May 29, 2007

The Mad Shuffling of Priorities

Guilt is a byproduct of my writing endeavours, desperation too. At 32, I feel a keen sense of urgency to get somewhere with all of this, make something of myself. Right now I can only call myself a writer in the loosest of terms. So I get frantic sometimes, which results in some likely subpar output. It's like there is a magic number in my head, some age limit, that I need to be successful by (and I realize that success is a rather subjective quality). I want writing to be my priority, the focus of what I am about, the core substance which defines my processes as an adult. But I'm realizing that this may never be the case. Life is notorious with its ability to make you take stock and implement changes.

Last year, my wife and I went on a three week backpacking trip through various parts of Europe. By far, it was the single most remarkable thing we'd ever done as a couple. The art, culture, food, drink, people -all left a permanent impression with us, something we value and talk about all the time. Of course, added into the mix was the fact that our first child (still in
Sandra's belly as I write this) was conceived. I'd heard that trips to Europe could do this to a couple, but I always thought we'd outside the norm. Not so. Novotel in Brussels will always be held in very high regard.
Throughout Sandra's pregnancy, I've wrestled with where to place writing on my list of priorities once the baby is here. Instinctually, I know the baby comes first. Each time I talk to the grub through dear Wifey's belly and it tries to thump me in the nose I am overwhelmed. But in the back of my mind I get this desperate feeling like I need to keep writing at the top of my list, that to let it take a back seat to anything will ultimately result in prolonged failure down the road. Surely, the successful writers out there let nothing deter them. I grow concerned that I will have to sacrifice one for the other.

A poet friend of mine and I were emailing back and forth recently. He mentioned that when he was married to his then wife, he made the big error of telling her that writing would always be his biggest priority. He wasn't being disingenuous with her (though he did say it was young and stupid of him to say this), just honest about where he was at. He didn't want her to think he would sacrifice his writing for job or relationship. But when his first child came, all of that was thrown out the window. He considered it primal instinct, something you cannot avoid, something deeper than marriage. Your children always come first.

In the
Belly to Baby classes Sandra and I attended this past weekend (which I highly recommend), I watched at least six different DVD births. Each and every one of them was beautiful and remarkable. And I get this sense that I'm realizing what my poet friend was talking about. This instinct is so immense and yet I only feel twinges of it right now. Even if I were callous enough to want to put writing in front of my children, I do not think I would be able to. When the bambino finally arrives, after all the labour and work my dear wife will go through, there will not be any doubt about priorities. And it may not be a matter of sacrifice. Writing is influenced by experiences. And this will be an unforgettable one, I'm sure.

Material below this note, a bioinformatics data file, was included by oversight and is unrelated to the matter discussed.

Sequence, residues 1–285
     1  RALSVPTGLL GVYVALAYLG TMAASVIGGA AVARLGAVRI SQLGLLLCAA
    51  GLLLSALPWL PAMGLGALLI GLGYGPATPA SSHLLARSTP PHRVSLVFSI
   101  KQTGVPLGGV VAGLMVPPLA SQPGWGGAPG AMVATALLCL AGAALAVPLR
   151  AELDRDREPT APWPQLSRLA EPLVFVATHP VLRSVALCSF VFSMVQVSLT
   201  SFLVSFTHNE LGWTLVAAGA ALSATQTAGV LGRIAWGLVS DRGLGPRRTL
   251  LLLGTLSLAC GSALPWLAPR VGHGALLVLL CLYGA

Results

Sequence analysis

May 15, 2007

Procrastinator Terminus

I've got Beck's Whiskeyclone, Hotel City 1997 (from the album Mellow Gold) playing and it is a lazy song. The music bleeds out slow, an inebriated slick of sound, sunken into the ground with apathy. There's no inspiration in it, but it is good music, the kind that slows you down to a staggering crawl.

The feel of this song, not the words per say, seems to embody my head space for writing these past few weeks. I have two stories in their final stages: peer edits in, red marks scrawled all over the manuscripts, all notes ready for serious concession. And I have not done a damn thing with them.

At first, I chalked it up to having to complete an editing assignment for a course I'm taking. But when that was done, nothing changed. So I considered blaming
Facebook and its infernal addictiveness. But that would also mean blaming my wife, Sandra, who started me up on the whole thing. To be honest I value my appendages... all of them. No the responsibility must lie with my own pathetic shortcomings. All the criticism I've levied against writers who look for ways to distract themselves from completing those last steps now comes full circle. And I have it a lot easier than most people.

The funny thing is, I often find the editing process more enjoyable than the actual penning of the first draft. Getting the initial story out can be agony. All the images jumbled in my head, giving me only a murky idea of what I'm trying to convey. Once the story is out on the page and I can start picking it apart, moving paragraphs, changing word choices, finding out what my peer editors have to say --that's when I feel like something of value can be accomplished.
So, I think I'm pulling back from those last few steps because I know that once they're done I've got to go back to square one. I have to start from scratch again, from one concrete image, from the idea of context. It's a trivial thing, really. I should be looking forward to the next editing process, the same way one anticipates a good meal without being too mindful about the preparation involved beforehand.

In other words, I'm being lazy. There, I said it. Of course, now that I've said it, I'll be racing upstairs to hammer away at my stories like a good boy. But I must do it quick, before my garden out front calls me into the sun, before someone posts on my Facebook account, before the hockey game starts, before... crap, too late.